A Double-Edged Defense of the Consistent Life Ethic

A Double-Edged Defense of the Consistent Life Ethic July 19, 2012

Kudos to Nick Neal, a board member for the Consistent Life network, for combating the nonsensical and utterly counterproductive notion that to defend life in one arena requires opposing it in another.  He previously did so in response to David Pakman’s hasty claims of correlation between maternal death rates and the outlawing of abortion, as well as his general skepticism of the political cohesiveness of the consistent life movement.  (He has since noted that his description of the America First Committee more closely “defines the anti-imperialist league of the late 19th century,” but the point served by such examples stands.)  And now in an essay titled, “Comparing Evils and Condemning them Both,” which appears in the latest issue of Life Matters Journal (p. 21-23), Neal responds to Scott Klusendorf’s claims that the consistent life ethic “has damaged the pro-life cause” and has even somehow “justified the killing of millions of unborn children.”  Uh … what?

Neal’s response to this absurdity is, thankfully, more articulate than my own.  Of particular concern to me, and also in my opinion the strongest part of Neal’s argument, is the point at which he deals with Klusendorf’s appeal to Catholic theology in support of his skewed vision of what defending life can and cannot mean.

Scott brings up the Catholic doctrine about contingent evils vs. intrinsic evils. This is supposed to be a death blow to consistent lifers since the consistent life ethic originated out of Catholicism and many consistent lifers are Catholic. However, what Scott never addresses is what are the evils of war and the death penalty contingent on? Under what circumstances has the Church stated such practices are evil? Well, an inconvenient fact that Scott often overlooks is that Pope John Paul II condemned the Iraq War, as well as the very concept of preventative war, in no uncertain terms. He did so not because he was a pacifist, but because he recognized that attacking countries based on suspicion and taking more lives than were lost in 9/11 violates just war tenets that state that wars have to be defensive and that the casualties have to be proportional to the crime. Pope John Paul II also condemned the death penalty in Evangelium Vitae, a document beloved by pro-life Catholics, stating:

“It is clear that, for these purposes to be achieved, the nature and extent of the punishment must be carefully evaluated and decided upon, and ought not go to the extreme of executing the offender except in cases of absolute necessity: in other words, when it would not be possible otherwise to defend society. Today however, as a result of steady improvements in the organization of the penal system, such cases are very rare, if not practically non-existent.”
When the Pope says that the one condition justifying the death penalty is practically non-existent in the developed world, that’s a pretty good indicator that the death penalty in a developed nation such as America goes beyond the moral limits of punishment. So the consistent life ethic is not merely some opinion held by liberal dissenters. Pope John Paul II may not have held all these acts of homicide to be morally equal, but he still held all of them to be immoral. (By the way, I would like to see Scott argue that Pope John Paul II “set us back decades” in the struggle for unborn rights [as he said of Cardinal Bernardin].)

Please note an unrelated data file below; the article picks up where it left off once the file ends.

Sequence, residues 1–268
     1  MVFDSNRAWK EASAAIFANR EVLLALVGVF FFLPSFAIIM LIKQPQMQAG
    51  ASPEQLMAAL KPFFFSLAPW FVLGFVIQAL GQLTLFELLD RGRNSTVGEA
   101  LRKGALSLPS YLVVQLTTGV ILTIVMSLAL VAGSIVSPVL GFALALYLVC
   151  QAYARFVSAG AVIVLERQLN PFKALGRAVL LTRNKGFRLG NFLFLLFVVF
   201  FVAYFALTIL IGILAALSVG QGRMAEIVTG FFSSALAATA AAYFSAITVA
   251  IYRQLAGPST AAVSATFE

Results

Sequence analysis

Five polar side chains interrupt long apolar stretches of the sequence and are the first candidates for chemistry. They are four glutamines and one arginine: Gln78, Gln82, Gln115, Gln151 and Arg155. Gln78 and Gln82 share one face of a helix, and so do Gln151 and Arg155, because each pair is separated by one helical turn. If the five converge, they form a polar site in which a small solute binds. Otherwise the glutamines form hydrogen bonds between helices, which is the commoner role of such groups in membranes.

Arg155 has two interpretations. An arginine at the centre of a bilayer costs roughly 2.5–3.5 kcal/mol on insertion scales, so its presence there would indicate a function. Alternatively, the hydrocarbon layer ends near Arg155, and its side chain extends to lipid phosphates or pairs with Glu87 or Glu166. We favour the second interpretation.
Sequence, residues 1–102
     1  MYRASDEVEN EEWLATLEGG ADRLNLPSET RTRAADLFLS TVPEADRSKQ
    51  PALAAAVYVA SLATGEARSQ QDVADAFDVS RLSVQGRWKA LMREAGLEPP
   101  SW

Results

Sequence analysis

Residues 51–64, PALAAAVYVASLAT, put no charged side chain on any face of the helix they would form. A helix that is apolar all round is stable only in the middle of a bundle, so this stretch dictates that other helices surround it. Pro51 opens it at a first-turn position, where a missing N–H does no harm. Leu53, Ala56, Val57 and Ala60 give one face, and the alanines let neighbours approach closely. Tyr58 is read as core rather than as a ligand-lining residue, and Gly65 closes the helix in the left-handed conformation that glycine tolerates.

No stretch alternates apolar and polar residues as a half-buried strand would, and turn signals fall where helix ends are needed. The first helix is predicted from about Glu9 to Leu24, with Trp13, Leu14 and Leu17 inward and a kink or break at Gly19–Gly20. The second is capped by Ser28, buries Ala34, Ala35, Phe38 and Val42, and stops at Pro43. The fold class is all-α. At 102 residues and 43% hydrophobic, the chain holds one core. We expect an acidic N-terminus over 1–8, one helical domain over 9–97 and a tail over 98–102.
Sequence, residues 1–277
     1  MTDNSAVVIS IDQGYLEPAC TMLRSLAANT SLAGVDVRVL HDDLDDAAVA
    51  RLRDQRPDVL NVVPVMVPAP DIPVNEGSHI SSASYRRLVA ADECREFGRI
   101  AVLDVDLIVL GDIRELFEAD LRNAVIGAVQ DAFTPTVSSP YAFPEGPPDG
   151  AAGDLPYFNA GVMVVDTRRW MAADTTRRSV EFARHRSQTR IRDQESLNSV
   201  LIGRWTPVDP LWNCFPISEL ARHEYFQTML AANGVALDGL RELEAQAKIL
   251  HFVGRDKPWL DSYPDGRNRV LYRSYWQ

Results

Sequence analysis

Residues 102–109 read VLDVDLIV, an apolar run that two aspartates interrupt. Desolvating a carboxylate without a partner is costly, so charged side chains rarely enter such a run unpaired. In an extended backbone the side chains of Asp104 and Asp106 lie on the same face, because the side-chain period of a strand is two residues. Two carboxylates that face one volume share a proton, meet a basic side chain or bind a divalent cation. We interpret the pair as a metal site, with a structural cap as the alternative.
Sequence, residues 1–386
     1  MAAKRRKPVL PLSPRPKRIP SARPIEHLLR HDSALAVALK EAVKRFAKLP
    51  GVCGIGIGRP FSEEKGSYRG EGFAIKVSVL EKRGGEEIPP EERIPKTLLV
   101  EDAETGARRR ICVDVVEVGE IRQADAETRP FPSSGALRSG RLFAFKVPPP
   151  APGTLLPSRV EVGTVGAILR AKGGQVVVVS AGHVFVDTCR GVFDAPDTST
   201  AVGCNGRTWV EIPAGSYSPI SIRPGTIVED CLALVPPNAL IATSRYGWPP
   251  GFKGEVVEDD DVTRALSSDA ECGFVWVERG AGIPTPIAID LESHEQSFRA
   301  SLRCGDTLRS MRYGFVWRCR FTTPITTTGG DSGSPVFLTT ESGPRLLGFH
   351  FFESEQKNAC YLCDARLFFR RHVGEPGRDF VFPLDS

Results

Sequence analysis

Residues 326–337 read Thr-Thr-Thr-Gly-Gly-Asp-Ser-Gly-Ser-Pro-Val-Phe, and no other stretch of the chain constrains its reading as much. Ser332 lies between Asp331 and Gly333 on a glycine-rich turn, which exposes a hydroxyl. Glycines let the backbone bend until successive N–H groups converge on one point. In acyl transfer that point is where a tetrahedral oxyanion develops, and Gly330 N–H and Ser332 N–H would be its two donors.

I echo Neal’s conclusion that Klusendorf “is making an idiotic move in expelling consistent lifers from the pro-life movement. By arguing that in order to be pro-life you must not oppose other forms of legalized homicide, he narrows the movement–especially by making support for an unpopular war a requirement for being in the movement.”  Such a move is idiotic because it draws a battle line that makes enemies of allies.  Even if one does not fully agree with the consistent life ethic, to make support of certain forms of violence a requirement for opposing certain others is doubly self-defeating, both by discussing issues in a vacuum and ignoring their interrelations (an approach thoroughly contrary to that of any of the social encyclicals), and by alienating those of common cause.

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  • Excellent post. It’s just one more example of how the Klusendorf type of conservative Catholic is as much a “cafeteria Catholic” as the supposed liberals they deride; the only difference being that they pick and choose among teachings on war, peace, capital punishment, etc., rather than on sexual or abortion issues.

  • kurt

    Expelling from the prolife movement was an idiotic move. Nevertheless, it has been effectively done. There is no room in the actually existing prolife movement for the consistent ethic crowd.

    • Julia Smucker

      Do I detect a hint of wry satisfaction? Insofar as there is truth to this statement, it’s all the more reason the movement needs consistent lifers like Nick who refuse to be expelled.

      • kurt